Document Type

Thesis - Open Access

Award Date

1934

Degree Name

Master of Science (MS)

Department

Entomology-Zoology

Abstract

The most destructive grasshoppers that occur in South Dakota are those belonging to the genus Melanoplus. Of those, the common and harmful species are Melanoplus bivittatus (Say) and Melanoplus differentialis (Thomas). Other species that are of considerable economic importance, and, at times, fully as important as the two species mentioned, are Melanoplus femur-rubrum (Deg.) and Melanoplus mexicanus (Sauss.). Before attempting to work out a plan for grasshopper control, it is desirable at times to know what species are to be encountered. The control may vary to some extent for the different species. It has been found that Melanoplus differentialis hatches about two to three weeks later than Melanoplus bivittatus. Therefore it is important, at times to know what species are predominant in an area. It seems that a method of identifying the eggs of the common grasshoppers would be desirable. So far, there has been but littlr work done on this phase of grasshopper study. The writer was unable to find any literature which gave a key for identifying the eggs of the common species of grasshoppers. Many writers recognized that the eggs of the common grasshoppers differed in appearance (4) but they offered no name identifying the eggs of any one species. The description of grasshopper eggs were so general that they could be applied to almost any species. The writer has studied the eggs of eighteen species of grasshoppers representing ten genera and four subfamilies. Not all of those species are of economic importance, but all of them are important from a taxonomical viewpoint. The classification of grasshoppers is based on external rather than internal structure. Modifications of certain external structures have been used in the grouping of our grasshoppers. Morphologist generally agree that differences in the internal reproductive system are the more primitive and are more useful in showing broad categories. From the discussion on page 10 , it can be seen that the pattern of chorion of the eggs is also a study of the morphology of a portion of the ovarian follicle. If we find a different relation between species when studying the evolution of the various reproductive systems than is expended by the characters now used in our system of taxonomy, it is evident that the present system is an unreliable one. Furthermore, there is , at present , a disagreement between orthopterists as to how various species should be grouped. As is evidenced by this disagreement, the characters now used are not satisfactory. The writer hopes that his studies which show variations between the eggs of every species will be of some value in indicating how these problems may be solved.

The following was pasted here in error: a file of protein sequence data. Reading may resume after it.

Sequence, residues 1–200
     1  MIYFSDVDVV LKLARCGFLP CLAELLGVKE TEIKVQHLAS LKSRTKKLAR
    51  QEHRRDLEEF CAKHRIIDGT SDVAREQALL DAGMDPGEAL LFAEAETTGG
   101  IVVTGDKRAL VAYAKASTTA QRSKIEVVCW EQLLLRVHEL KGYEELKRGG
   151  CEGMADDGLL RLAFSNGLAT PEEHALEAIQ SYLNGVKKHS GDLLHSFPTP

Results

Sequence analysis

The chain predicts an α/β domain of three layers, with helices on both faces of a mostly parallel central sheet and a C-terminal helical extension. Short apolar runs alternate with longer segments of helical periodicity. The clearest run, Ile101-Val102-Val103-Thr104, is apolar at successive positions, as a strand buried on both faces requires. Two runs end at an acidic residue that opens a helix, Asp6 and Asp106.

Library of Congress Subject Headings

Grasshoppers -- Eggs
Locusts -- South Dakota -- Eggs
Melanoplus bilituratus
Melanoplus differentialis

Description

Includes bibliographical references (page 25)

Format

application/pdf

Number of Pages

36

Publisher

South Dakota State University

Included in

Entomology Commons

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